Luke Niebler

Pornogrammatology.

Luke Niebler

Q: I used to like watching porn a lot, but recently I've been feeling guilty about it. I feel guilty because I'm in a relationship, and because I feel like I might be exploiting the person who's video I'm watching. Should I feel bad for watching so much porn, and what kind of porn is best to watch?

Yours,

 anybody with an internet connection

 

A: You say that you “used to like watching porn,” which places you as an outside observer, the omniscient Gaze that observes but doesn’t touch. Enjoyment, in this case, is based purely on your own egoist desire, asymptotically approaching the object without fully obtaining it. In fact, attainment of an object often leads to increased disappointment since it is the end of desire, and thus the end of your will to being. Your use of pornography creates the illusion of panopticonic control—you can see but the actors cannot. However, since you have no power over these particular actors, your twisted need to see without being seen also operates outside of satisfaction. Pornography, like a Mobius strip tease, endlessly doubles back on itself, continually moving closer and farther away from the object of desire.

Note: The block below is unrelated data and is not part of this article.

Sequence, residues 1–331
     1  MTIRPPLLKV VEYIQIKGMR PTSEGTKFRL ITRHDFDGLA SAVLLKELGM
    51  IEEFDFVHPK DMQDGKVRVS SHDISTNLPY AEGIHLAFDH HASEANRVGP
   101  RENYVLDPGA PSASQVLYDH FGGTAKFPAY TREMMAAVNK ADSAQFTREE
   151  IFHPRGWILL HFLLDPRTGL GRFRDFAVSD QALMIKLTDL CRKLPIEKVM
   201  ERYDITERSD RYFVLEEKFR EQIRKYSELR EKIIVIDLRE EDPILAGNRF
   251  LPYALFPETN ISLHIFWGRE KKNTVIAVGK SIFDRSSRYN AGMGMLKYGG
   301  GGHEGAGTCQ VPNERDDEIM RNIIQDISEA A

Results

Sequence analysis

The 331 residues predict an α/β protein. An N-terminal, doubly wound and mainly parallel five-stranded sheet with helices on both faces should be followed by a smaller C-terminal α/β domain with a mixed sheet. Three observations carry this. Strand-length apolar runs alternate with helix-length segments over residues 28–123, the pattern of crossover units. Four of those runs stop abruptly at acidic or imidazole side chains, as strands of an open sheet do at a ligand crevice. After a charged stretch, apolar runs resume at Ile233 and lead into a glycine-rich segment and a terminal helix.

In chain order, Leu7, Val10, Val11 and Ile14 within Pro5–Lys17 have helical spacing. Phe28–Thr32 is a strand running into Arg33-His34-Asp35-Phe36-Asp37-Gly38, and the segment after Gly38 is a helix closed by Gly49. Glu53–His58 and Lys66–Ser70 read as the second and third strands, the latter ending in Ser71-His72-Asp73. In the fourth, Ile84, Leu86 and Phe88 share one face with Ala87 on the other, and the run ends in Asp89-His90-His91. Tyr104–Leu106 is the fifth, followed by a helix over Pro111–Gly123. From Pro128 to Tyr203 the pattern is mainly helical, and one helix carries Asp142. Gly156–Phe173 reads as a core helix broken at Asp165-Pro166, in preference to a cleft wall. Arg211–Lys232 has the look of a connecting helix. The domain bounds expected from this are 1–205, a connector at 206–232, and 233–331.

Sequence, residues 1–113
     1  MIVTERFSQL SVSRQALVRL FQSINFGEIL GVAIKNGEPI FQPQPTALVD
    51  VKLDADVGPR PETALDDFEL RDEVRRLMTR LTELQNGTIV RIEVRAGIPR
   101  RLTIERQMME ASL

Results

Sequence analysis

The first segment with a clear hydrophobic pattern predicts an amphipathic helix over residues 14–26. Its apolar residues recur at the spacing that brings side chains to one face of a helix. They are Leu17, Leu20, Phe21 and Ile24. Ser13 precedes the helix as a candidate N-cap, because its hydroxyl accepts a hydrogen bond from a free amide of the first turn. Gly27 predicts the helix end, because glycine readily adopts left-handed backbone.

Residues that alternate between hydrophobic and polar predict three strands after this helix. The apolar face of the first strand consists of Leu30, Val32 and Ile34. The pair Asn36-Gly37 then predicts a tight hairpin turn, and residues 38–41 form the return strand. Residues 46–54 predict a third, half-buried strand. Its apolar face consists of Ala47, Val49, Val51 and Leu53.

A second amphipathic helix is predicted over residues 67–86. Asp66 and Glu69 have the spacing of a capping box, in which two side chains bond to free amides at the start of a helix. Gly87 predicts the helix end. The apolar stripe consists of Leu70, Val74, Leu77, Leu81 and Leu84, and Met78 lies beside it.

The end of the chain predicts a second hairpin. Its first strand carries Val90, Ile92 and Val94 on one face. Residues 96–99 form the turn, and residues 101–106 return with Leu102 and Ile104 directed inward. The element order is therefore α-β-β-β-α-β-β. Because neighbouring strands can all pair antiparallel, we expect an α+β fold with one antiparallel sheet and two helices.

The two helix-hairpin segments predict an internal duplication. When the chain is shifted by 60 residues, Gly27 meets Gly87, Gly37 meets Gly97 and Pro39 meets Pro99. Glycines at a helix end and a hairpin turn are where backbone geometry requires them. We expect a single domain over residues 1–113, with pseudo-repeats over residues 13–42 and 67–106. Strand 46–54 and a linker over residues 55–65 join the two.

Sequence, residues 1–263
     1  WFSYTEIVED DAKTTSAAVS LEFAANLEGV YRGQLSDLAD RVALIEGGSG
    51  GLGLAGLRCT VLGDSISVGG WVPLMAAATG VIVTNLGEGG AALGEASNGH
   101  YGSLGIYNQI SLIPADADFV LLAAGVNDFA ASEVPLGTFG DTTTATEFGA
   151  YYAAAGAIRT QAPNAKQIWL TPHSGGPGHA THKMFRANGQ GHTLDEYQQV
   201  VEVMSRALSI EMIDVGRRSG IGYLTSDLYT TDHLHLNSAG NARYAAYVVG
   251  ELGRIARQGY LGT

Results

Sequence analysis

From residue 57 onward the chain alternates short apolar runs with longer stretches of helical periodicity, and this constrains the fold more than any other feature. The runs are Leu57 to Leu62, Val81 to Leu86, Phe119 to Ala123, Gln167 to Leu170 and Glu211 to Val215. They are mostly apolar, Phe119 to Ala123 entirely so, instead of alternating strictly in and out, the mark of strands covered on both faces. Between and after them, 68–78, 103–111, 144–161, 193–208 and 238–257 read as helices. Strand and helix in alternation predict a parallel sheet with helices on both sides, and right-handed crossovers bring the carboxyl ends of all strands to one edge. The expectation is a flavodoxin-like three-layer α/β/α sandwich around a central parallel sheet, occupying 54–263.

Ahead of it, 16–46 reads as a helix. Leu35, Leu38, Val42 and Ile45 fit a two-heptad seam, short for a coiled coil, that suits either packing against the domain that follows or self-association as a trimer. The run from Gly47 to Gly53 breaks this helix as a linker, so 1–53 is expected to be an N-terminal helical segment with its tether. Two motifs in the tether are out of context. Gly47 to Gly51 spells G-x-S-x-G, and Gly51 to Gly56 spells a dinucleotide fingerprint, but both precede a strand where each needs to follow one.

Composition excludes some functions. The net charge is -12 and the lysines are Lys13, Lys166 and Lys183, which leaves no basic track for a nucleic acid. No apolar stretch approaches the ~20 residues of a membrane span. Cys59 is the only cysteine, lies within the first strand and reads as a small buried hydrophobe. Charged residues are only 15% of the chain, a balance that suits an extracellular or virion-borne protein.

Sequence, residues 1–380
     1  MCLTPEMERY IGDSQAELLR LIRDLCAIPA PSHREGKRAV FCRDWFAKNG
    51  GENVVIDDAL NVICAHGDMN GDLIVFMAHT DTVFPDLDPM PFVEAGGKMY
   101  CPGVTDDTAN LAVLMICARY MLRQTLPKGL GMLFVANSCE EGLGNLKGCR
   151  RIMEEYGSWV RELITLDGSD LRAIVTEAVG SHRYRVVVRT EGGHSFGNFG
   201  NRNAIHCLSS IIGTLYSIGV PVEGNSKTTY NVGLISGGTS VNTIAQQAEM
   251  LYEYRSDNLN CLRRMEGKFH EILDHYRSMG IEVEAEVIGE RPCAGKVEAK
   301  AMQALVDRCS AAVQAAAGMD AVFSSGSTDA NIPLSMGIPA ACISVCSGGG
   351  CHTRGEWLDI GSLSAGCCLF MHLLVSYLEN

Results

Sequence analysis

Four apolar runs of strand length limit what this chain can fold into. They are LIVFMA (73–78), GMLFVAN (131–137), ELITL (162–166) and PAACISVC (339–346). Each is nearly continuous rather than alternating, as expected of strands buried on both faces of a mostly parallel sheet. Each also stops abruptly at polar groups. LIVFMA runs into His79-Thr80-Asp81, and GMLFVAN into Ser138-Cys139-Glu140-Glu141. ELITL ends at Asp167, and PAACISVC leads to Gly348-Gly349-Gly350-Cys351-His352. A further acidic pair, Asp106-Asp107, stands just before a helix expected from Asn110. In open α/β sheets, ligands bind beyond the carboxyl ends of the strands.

Now that you have a more complete understanding of desire, you can see that your satisfaction has taken place totally within the confines of desire—it entirely egotistical and never directed to the exploitative art form that has become its focus. You must begin to see desire as an object/ive in-and-of-itself, rather than a symptom caused by something outside of yourself. Indeed, fully reaching and incorporating something outside of the Ego would cause the Self to utterly collapse, creating a new synthetic Self with little relation to “you.”

 

As a result, avoid exploitative forms of commodified art; you can find similar erotic desire from watching bread rise or reading the phone book. Perhaps you should start masturbating to Nordic Slow Television or Andy Warhol’s film Empire.